MEGHAN BARR, Associated Press
NEW YORK — Tucked inside New York Mayor Bill de Blasio’s sweeping affordable housing proposal is an echo of an idea from the Michael Bloomberg era: to use vacant public housing property to build new housing units.
Last year, Bloomberg’s plan to lease out New York City Housing Authority land and allow developers to build market-rate apartment buildings on it stalled after low-income residents of the projects revolted. Now, after condemning his predecessor’s plan, de Blasio also wants to use that land for development, albeit of a different kind — to build affordable housing units, not luxury ones, and possibly a few supermarkets and retail stores.
Bloomberg wanted to build on vacant space currently occupied by basketball courts, parking lots and outdoor plazas. It’s unclear which vacant space de Blasio would focus on. The mayor’s office stressed that any proposals would focus on improving residents’ quality of life.
“This is a community process that’s going to center around the needs of NYCHA residents,” Wiley Norvell, a spokesman for the mayor’s office, said in an emailed statement. “We have a lot of listening and engaging with NYCHA residents ahead of us — they’ll be the ones identifying priorities and articulating how they want to proceed.”
De Blasio’s housing plan states the city will work with the Housing Authority and residents in coming months to assess the potential “for underused NYCHA land and development rights to benefit existing residents, increase affordable housing, produce local retail, and community facilities.”
De Blasio has said that his plan to create and preserve 200,000 units of affordable housing over the next decade doesn’t include building traditional public housing projects. Rather, it would work with nonprofit and private developers to provide incentives to include a greater percentage of affordable housing in new buildings, he said. He’s pushing a split in which 50 percent are market rate, 30 percent are made available to moderate-income households and 20 percent are for lower-income residents.
The 200,000 units of affordable housing would not be contingent on development of NYCHA sites, the mayor’s office said. It’s unclear what the word “affordable” would mean for any new buildings erected on public housing property. Possible development could include supermarkets, after-school community spaces and supportive housing for senior residents, the mayor’s office said.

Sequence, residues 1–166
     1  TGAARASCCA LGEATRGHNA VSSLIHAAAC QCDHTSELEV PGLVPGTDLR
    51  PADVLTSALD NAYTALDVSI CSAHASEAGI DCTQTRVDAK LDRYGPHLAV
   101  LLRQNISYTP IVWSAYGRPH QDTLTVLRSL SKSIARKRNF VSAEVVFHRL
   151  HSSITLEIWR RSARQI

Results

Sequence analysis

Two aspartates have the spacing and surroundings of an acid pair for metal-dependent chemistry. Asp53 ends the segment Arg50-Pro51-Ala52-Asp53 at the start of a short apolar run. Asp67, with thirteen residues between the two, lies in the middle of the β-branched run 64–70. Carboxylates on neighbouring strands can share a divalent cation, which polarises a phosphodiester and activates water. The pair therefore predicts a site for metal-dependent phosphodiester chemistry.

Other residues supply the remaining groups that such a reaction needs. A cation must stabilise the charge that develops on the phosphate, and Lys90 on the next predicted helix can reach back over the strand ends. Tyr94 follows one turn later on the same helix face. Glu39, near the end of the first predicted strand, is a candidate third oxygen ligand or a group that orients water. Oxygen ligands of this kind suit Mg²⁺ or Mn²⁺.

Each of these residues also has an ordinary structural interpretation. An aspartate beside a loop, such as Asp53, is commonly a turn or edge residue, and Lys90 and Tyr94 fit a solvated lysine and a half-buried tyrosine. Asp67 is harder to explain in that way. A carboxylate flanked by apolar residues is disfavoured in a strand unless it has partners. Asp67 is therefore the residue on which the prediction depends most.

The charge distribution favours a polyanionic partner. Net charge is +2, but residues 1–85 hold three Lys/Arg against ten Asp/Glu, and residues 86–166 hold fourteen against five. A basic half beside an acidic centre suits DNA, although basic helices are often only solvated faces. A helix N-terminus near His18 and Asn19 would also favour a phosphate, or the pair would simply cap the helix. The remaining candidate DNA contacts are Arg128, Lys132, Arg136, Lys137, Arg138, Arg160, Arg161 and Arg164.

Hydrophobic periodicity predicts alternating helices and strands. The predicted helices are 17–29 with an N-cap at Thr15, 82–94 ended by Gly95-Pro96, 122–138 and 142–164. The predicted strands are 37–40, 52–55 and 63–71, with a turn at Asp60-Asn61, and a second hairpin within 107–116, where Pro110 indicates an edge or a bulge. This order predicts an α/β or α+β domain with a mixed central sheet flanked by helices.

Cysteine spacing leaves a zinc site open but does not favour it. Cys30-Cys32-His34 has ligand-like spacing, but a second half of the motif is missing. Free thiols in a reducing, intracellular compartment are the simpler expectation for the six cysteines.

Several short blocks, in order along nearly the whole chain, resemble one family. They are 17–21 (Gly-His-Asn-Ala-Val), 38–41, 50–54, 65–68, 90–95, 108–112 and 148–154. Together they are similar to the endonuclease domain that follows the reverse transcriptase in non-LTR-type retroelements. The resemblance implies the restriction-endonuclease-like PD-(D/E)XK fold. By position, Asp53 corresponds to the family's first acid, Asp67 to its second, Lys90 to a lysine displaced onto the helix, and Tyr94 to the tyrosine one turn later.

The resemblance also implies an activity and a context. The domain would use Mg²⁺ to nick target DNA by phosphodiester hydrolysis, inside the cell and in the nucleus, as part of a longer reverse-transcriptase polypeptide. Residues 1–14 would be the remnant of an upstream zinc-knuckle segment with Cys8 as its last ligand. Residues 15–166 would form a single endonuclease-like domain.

“It’s vague but very careful,” said Matthew Lasner, who teaches urban planning at Hunter College and has studied the plan. “It says, ‘We want to make sure we engage in specific dialogue with communities about this.’ I think there will also be a much greater emphasis on affordable housing.”
A new supermarket with lower-priced groceries would be a welcome addition to the complex that would benefit the community, said Dereese Huff, tenant association president at Campos Plaza in Alphabet City, a pair of brick towers near the East River that were among the complexes selected for development by Bloomberg.
“If it’s going to keep NYCHA going and functional and getting our repairs done, hey, I’m all for it,” Huff said. “If that’s what it’s going to do. But we have to see.”
Bloomberg’s plan estimated that about $50 million per year generated by the market-rate developments would pay for repairs to aging public housing buildings, though de Blasio’s housing plan makes no mention of money generated for repairs.
When asked about development of public housing land in February at the appointment of new Housing Authority Chairwoman Shola Olatoye, de Blasio said: “The only way we’re going to consider development is with the tenants, and one of the things Shola will focus on is repairing the relationship with the tenants. And if we can find a way to create a responsible path forward with tenants that’s transparent, where there’s real guarantees of what the benefits will be to tenants in the immediate area-that’s a very worthy proposal to discuss.”